Monday, February 16, 2015


Feeling different resonates.  Getting uniforms would seem to make one more the same.  Hiding differences.  Yet Dad probably meant feeling different than what he and his new buddies sensed as they rode trains to Texas from far off cornfields, distant sky scrapers and fishing docks; feeling different from where they had come, who they used to be.  The uniforms would do that.  Clothe them in the war and a reality of where they were.  Why they were there.  No claim or proof now of who inhabited a tiny apartment just a week ago, who typed railroad requisitions just a month ago, who wrote sports and editorials for the Athenian high school paper just two years ago.   No country kid anymore who couldn’t tell mountains from hills, wanted his wife with him, but not with all these “naked men running from the shower.” (Feb 17, 1943 #5 letter) A uniform and a new haircut; feeling different along with thousands of others, all sensing different together.

How long did the fresh uniform aura and hair length sustain him?  How long before it endured stains of Texas dust, Mississippi sweat and frozen vomit?  How long before he knew he could still hold unto speckles of differences and likenesses which molded him unique, but still cast him as a World War II airman?  Gazing at the “Acres of Cadets” photo, differences are not apparent.  Sameness, precise military meticulousness and minutia resonate.  

In the same February letter Dad discusses “There are some things we have to do that are as nutty as the things I had to do when I took the exam at Kalamazoo.  I have gotten over the little homesick spell I had last night and feel considerably better. Things like that are bound to come I guess and all I can do is just face it.”  Was he able to talk about the “nutty things and the homesickness?”  Were these feelings too different to share? Did he endure it inside himself, alone?   

Feeling different continued to resonate.

Thursday, January 29, 2015



On the day, February 16, 1943, my father departed by train from Chicago for basic training in Texas he began writing letters to my mother back in Michigan.  There are seven first letters, postmarked at different times, but all the same date, February 17.  Each letter echoes the poignant pleas of a very homesick twenty year old, “…to say I missed you last night would be putting it mildly, but then I have got to face it.  More than me had that homesick look in their eye.”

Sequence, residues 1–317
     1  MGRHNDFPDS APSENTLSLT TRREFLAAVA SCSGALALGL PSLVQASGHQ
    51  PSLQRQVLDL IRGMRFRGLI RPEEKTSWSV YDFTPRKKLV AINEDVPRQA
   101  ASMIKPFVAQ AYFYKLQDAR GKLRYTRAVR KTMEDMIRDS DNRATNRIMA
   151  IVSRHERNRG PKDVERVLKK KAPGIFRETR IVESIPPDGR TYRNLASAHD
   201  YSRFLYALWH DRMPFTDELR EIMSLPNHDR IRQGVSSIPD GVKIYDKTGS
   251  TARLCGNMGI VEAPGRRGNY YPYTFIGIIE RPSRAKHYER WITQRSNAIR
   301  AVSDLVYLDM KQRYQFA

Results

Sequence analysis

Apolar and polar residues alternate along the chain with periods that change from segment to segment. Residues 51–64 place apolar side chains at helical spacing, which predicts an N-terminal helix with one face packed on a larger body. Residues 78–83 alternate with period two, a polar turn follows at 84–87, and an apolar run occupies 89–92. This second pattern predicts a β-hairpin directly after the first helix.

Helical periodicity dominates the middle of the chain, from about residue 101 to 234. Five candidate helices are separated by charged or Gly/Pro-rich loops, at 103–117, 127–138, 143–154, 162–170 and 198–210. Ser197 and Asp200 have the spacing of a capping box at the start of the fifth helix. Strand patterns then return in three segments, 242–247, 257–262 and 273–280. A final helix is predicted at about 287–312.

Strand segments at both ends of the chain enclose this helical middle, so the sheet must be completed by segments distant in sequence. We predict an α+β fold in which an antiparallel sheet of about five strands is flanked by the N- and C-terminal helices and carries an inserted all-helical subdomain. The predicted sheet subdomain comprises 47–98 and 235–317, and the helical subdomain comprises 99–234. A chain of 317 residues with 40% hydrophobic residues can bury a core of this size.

Mom and Dad were country kids growing up in the southern farmlands of Michigan.  A big trip meant traveling slightly northwest thirty miles to Kalamazoo or slightly northeast thirty miles to Battle Creek.  Now, Dad has left all that is familiar, especially his wife of just a year.

Dad describes these new scenes… “the hills or mountains (take your choice) of Missouri. Rolled across the plains of Arkansas, the oilfields of Oklahoma, went through Claremore, the home of Will Rogers, saw the Will Rogers airport. We went by a huge airplane factory and saw lots of bombers flying around…”

After sharing the lower train berth with his card playing new buddy, Herb, and “waking up about six times” he continues… “Well this is Texas—rolling plains and ranch homes, little old shacks that look 100 years old… we just passed a field of Texas Longhorns.  There is a lot of cactus.”

Each letter is a new chapter… “Well, this is San Antonio—wow!!!---they piled us all in a truck---had a physical---our names were taken---chow---marched to barracks---Herb and I bunk together---cut cards for upper or lower. I got the upper… I have your picture all set up and darling you sure look sweet to me.”

Millions wrote letters home during World War II. Today emails more instantly gratify spouses, sweethearts and those on modern battlefields. These communications can’t conquer loneliness, lost time together, or death.  They can, however, endow a daughter with specifics to shape a memory of just what it was like to be her father.  Seventy two years later the sentences surround me with a cascade of images I savor.  He is my father I can now know and touch and feel and love through these pale photos, yellowed scrapbooks, and brittle letters.